Evolutionary Genetics of Borrelia burgdorferi sensu lato
Daniel Dykhuizen and Dustin Brisson
from: Borrelia: Molecular Biology, Host Interaction and Pathogenesis (Edited by: D. Scott Samuels and Justin D. Radolf). Caister Academic Press, U.K. (2010)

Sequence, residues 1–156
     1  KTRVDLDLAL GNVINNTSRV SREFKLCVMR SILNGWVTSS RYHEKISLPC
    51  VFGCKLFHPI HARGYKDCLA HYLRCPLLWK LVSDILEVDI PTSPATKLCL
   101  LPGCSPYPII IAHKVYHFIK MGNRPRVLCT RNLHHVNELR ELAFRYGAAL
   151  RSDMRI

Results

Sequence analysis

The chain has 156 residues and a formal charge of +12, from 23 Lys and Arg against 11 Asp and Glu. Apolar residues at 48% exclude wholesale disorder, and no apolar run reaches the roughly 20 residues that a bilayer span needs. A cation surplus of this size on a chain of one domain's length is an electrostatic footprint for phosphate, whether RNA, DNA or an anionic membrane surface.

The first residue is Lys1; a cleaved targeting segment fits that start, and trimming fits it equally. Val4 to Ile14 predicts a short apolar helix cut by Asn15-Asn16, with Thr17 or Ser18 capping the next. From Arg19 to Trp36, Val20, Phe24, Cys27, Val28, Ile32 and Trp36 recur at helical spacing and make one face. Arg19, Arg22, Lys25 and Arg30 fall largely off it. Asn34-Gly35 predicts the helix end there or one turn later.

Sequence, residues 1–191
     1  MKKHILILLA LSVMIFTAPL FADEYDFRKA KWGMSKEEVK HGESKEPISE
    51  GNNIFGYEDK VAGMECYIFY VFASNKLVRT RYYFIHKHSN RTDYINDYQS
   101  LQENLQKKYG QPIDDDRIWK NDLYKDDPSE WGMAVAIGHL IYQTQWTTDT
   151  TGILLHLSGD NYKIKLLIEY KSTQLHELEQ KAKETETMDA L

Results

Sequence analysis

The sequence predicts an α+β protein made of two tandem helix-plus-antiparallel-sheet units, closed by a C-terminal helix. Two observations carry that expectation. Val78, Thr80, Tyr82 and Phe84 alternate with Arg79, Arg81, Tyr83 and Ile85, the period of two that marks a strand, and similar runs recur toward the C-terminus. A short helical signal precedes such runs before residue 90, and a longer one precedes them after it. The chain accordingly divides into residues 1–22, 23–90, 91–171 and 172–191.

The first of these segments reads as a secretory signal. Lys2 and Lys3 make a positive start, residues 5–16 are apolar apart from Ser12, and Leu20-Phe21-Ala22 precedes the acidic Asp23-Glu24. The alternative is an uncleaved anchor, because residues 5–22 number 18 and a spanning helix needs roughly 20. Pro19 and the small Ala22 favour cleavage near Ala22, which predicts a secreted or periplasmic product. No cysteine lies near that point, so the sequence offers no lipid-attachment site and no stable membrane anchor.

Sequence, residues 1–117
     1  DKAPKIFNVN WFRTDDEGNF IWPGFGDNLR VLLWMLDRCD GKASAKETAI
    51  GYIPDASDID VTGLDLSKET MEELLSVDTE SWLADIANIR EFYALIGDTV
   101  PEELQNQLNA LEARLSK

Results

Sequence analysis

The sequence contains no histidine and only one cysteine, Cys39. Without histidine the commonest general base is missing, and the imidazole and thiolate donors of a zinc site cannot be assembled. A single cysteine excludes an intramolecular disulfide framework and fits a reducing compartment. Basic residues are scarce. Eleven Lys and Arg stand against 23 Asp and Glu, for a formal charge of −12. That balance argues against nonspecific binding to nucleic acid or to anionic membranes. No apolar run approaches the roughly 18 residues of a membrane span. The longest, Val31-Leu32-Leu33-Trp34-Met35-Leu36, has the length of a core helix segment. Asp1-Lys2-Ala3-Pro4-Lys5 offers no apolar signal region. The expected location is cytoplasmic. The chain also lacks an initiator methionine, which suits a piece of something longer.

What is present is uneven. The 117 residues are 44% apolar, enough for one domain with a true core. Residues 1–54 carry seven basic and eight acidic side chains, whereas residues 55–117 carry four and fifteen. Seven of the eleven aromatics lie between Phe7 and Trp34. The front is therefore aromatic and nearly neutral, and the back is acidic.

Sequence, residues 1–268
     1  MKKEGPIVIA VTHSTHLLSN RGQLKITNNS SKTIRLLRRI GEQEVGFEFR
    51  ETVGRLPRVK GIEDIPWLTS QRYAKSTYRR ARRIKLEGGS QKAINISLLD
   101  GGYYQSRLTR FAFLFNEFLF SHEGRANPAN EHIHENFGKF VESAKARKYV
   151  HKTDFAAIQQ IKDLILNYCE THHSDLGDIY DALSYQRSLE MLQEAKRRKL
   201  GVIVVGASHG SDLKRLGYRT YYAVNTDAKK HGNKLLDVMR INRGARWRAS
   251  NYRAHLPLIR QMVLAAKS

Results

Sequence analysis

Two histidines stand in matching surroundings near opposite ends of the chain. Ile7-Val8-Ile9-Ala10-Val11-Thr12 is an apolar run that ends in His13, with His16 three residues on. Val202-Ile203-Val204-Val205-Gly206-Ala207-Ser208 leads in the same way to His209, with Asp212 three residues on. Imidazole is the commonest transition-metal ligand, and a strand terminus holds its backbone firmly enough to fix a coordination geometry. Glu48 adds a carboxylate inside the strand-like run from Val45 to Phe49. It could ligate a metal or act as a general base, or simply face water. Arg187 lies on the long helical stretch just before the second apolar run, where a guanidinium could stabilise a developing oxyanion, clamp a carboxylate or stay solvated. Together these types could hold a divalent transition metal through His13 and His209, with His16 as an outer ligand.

Evolution can inform our understanding of the biology of Borrelia. Four forces propel evolutionary change: mutation, genetic drift, migration and natural selection. Although these microevolutionary forces act primarily within populations, the same forces create macroevolutionary divergence of species. The prevailing data suggest that Borrelia burgdorferi sensu lato was once a wide-ranging species in the Northern Hemisphere that rapidly separated into the species present today. The limited neutral divergence within species suggests that the long-term effective population size is small. The combined observations that Borrelia was once a very wide-ranging species and that the current effective population sizes of the species are very small suggests that Borrelia populations can expand rapidly when conditions are favorable and shrink rapidly when conditions are unfavorable. Divergence among and within genospecies has progressed primarily by mutation, as horizontal gene transfers are rare; so rare that most observed recombinants seen in nature are likely to have been selected to maintain genetic diversity. Recent migration, as well as range expansions and contractions, have resulted in overlapping patchy distributions of genospecies across the Northern Hemisphere. Most likely, infected birds are responsible for long distance migration, while infected mammals are important in range expansion and migration between local populations. Natural selection, especially that promoting host specificity, continues to shape the geographic distribution as well as the genetic diversity within and between species read more ...